The Qt Quick Designer is a tool which is integrated in the Qt Creator IDE and serves the purpose of building QML GUIs in a drag n’ drop alike environment. It is mainly meant for the development of solely the visual parts and the logic of events that are supposed to only change the visual behavior. Animations can be also built using the tool. Similar to the Qt Quick Designer there is also the Qt Designer which is meant for building QWidget based UI and it’s also integrated in Qt Creator and in addition to those two there is also the Qt Design Studio, a different application but similar to Qt Quick Designer with some more features, like for example the exportation of assets from Photoshop, Sketch and/or Figma to the Qt Design Studio which then generates a runnable QML project out of that design. It all sounds very good and convenient, but what does it really look like in practice?

We have looked in more detail into the topic from a developer’s perspective and mostly for when it comes to production development and have collected here some pros and cons as well as facts and myths.


When creating views in Qt Quick Designer, 2 files are generated each time, a MyFileNameForm.ui.qml plus a MyFileName.qml file. Now let’s have a look at what these files doing.

*Form.ui.qml files

This file contains and maintains all code that implements the visual parts of the application, like Buttons, Text, etc. The Form.ui.qml files are opened and edited in the design mode by default when double clicking on or switching to those. It is possible to edit in edit mode, however Qt Creator will always open it in QtQuickDesigner at first place.

*.qml files

All logic like signal handlers, functions etc including animations is created and stored in ordinary .qml files that have the same name as the Form.ui.qml file they correspond to. Technically speaking, this file inherits the Form.ui.qml file so that it can access its children in order to apply logic and/or animations to those.

Having that said, to get this access working, alias properties are defined in the Form.ui.qml file which are addressing to the components that need to have the respective logic applied. Taking the classic Coffee Machine Example that was built using the QtQuickDesigner, if we have a look for example at the SideBar which is the bar that the user shall choose their type of coffee, we see SideBarForm.ui.qml and SideBar.qml. In SideBarForm.ui.qml we see a collection of Buttons and other visual components and at the top all 4 coffee options defined as aliases, referring to the respective buttons. Then in SideBar.qml actions are being implemented and those are for example, that if macchiato is clicked then current milk and coffee amount are set as well as the coffee selected signal is emitted.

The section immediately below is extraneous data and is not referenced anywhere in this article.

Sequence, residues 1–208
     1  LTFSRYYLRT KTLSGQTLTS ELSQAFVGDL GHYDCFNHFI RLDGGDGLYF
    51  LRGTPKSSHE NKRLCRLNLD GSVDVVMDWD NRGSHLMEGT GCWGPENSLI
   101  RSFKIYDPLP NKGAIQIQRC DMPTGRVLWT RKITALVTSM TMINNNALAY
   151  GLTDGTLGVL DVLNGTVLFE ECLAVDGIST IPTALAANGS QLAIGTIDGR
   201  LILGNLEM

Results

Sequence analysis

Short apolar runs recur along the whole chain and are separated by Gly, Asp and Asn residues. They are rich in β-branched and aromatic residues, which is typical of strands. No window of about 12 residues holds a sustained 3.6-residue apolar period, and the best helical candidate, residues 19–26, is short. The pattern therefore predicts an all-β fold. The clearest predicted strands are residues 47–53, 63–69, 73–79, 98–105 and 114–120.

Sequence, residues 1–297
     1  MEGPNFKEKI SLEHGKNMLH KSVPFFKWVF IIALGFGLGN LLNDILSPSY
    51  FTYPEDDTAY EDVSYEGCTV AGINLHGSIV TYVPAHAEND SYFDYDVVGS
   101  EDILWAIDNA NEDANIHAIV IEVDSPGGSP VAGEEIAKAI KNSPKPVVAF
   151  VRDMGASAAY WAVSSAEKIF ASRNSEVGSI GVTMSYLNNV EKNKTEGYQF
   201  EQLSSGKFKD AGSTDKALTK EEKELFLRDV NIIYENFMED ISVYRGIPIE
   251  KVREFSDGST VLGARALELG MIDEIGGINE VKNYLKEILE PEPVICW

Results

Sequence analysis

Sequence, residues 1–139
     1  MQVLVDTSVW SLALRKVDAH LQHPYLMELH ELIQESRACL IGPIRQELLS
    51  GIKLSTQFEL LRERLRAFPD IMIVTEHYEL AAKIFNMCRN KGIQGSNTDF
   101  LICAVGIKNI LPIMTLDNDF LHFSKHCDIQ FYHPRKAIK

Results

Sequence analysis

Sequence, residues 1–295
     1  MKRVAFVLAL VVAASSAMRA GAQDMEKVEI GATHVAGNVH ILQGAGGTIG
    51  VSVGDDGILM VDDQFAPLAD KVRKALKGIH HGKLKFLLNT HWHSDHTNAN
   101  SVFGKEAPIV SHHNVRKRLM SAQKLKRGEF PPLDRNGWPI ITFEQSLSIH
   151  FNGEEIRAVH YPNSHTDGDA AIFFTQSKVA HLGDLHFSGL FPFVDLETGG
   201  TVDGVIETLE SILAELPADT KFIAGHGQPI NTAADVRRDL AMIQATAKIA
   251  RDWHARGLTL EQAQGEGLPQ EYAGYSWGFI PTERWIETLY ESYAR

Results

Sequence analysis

There is no folder structure and application architecture. If we look at the Coffee Machine example, all files are stored inside the project’s root directory, except a few ones that are in imports.












Therefore, manual work is needed to apply both structure and possibly modular architecture.


No path consistency. All icon and images paths are relative. This is not optimal, especially in big projects, as assets are often changing and updated and the folder structure and/or names can do so as well. Thus it is always recommendable to a) keep the assets organized in a single folder and b) define somewhere a global function with a parameter that will return the path to that folder plus the path specified in the parameter plus the file extension. For example:

function image(path) {
    return Qt.resolvedUrl(“../assets/images/” + path + “.png”);

The resolvedUrl function will return the resolved related to the url path, so having the images in one single place we keep consistency of it. Other than this we avoid having ugly repetitive paths like “../../../images/myImage.png” in each file we need an image, instead we use Config.image(“myImage”), a lot nicer and clean solution.


Qt Quick Designer doesn’t know about code clean up. That said, for example, x&y are set by default when the user drags&drops new components into the scene or updated when existing ones are being dragged inside the view. That said, if the user sets anchors to that item, the x&y code lines will not be removed resulting in something like this:

        x: 324
        y: 650
        anchors.bottomMargin: 20
        anchors.horizontalCenter: parent.horizontalCenter

in this case, x&y will be ignored since horizontalCenter and bottom anchors are set, however the code should be cleaned up from somebody manually.